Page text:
Montreal and Laval are taking another step on the long, winding road back to normality on Monday as the two regions will be downgraded from red to orange zones.
The two regions, comprising the most populous part of the province, have been classified as red zones since Sept. 28, meaning they were subject to extensive restrictions.
But with the new orange-zone status, restaurant dining rooms and gyms can finally reopen. Measures remain in place, though, banning indoor gatherings at private residences of people from different households.
For restaurant owners, the prospect of welcoming clients inside again is a major relief, even if distancing guidelines will limit how many people they can entertain at a given time.
“We’re looking forward to it, even if we still have a few problems to solve,” said Nina Pourafzal, owner of Byblos, a popular Persian restaurant in Montreal’s Plateau neighbourhood.
Pourafzal said they’re rushing to find and train new staff, as many of their former employees were forced to find other jobs as the pandemic dragged on.
“We’ll be counting on the patience of our clients because there will be a little adjustment period,” she told Radio-Canada on Sunday.
Parts of the Eastern Townships, Chaudière-Appalaches and the Bas-Saint-Laurent regions will also be downgraded to orange zones on Monday.
Schools get involved in vaccination effort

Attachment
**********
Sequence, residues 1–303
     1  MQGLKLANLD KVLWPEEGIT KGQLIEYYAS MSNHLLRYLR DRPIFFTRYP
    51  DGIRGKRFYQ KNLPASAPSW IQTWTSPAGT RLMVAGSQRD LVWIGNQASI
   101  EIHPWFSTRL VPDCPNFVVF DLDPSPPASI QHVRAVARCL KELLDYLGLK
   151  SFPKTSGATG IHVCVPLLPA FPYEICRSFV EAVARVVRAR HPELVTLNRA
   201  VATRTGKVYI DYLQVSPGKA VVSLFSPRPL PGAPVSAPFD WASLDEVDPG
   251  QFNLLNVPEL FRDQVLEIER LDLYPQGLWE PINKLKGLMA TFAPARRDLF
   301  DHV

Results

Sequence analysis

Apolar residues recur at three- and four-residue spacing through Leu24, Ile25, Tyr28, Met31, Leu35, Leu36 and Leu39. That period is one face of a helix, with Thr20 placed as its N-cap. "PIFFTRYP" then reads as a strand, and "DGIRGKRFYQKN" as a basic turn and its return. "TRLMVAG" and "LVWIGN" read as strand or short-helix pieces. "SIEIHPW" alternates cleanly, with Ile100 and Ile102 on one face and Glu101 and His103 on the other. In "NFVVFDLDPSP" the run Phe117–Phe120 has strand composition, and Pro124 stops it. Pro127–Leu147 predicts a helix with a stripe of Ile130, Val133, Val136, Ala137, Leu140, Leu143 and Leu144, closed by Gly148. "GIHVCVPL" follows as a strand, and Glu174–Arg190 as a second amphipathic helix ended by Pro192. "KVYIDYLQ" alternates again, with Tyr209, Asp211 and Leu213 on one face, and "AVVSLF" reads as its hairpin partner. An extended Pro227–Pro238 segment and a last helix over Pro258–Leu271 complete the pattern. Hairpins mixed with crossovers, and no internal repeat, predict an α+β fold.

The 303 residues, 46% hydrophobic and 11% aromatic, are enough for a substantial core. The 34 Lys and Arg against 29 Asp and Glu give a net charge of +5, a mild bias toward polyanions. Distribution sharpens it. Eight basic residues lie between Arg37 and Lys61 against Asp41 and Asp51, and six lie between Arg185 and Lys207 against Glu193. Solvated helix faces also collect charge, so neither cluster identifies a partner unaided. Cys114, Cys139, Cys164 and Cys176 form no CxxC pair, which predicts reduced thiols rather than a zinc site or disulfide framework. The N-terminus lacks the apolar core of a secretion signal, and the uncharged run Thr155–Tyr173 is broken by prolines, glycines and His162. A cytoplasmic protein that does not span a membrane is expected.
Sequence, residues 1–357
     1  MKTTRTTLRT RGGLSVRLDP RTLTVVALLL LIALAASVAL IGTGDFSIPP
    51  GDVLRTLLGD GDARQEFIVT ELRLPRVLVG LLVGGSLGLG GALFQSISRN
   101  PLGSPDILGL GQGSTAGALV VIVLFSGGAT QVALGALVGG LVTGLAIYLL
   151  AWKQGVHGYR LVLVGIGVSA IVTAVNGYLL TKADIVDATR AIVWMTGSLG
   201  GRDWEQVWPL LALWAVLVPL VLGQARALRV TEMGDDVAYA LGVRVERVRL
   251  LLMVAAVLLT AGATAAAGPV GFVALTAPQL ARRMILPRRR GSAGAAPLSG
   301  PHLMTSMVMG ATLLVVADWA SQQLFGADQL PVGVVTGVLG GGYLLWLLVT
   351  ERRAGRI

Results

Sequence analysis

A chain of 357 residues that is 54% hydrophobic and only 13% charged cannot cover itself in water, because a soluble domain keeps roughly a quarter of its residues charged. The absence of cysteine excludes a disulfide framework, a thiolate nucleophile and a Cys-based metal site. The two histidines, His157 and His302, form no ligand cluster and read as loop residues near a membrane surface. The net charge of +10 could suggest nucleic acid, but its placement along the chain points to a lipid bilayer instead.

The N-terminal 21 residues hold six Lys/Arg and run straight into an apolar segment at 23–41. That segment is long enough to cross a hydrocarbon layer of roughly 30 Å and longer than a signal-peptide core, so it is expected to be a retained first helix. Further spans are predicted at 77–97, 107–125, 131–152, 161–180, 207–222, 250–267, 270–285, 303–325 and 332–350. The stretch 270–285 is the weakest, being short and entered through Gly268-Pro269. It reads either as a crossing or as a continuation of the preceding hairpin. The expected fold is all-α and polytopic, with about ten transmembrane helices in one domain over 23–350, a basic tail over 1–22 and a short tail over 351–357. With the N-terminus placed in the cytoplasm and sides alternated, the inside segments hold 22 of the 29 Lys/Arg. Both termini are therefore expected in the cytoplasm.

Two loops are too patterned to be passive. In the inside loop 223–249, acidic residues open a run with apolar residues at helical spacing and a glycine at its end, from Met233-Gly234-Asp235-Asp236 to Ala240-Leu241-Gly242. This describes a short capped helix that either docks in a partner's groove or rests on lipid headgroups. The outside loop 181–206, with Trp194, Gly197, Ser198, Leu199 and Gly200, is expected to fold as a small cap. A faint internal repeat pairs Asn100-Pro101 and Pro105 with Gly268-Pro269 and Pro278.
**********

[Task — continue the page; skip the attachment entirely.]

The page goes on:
Along with the reopening of restaurants and gyms, orange-zone status means high school students will no longer be forced to attend school on alternate days.
On Monday, Quebec’s vaccination campaign also enters an important new phase as schools will begin co-ordinating efforts for students between the ages of 12 and 17 to get their first shot.
Each school is developing its own approach, in collaboration with regional public health officials. In Montreal, some schools will bus children to vaccination centres.
At other schools, where large numbers of students are already vaccinated, it will be up to unvaccinated students to make their own arrangements.
Health officials will also be deploying mobile vaccination clinics to schools in neighbourhoods where vaccination rates are lower, said Francine Dupuis, associate CEO of the health authority covering west-central Montreal.
The goal, she said, is to vaccinate as many children as possible over the next few weeks. Once the two-week push is over, authorities will take stock of how many teens they vaccinated.
Dupuis said, if necessary, they could deploy the mobile clinics in parks or design activities to expand vaccine pick-up in teens.
She also said that authorities are concerned about a new COVID-19 variant, known as the Delta variant, which has been detected in Montreal.
The Delta variant is more transmissible than other variants, including the B.1.1.7, or Alpha variant, which was responsible for Quebec’s third wave.
Studies suggest that two doses of the vaccine are required for significant amounts of protection against the Delta variant.
“We really have to vaccinate fast,” Dupuis said. “We would like to win the race, and we want the variant to lose the race.”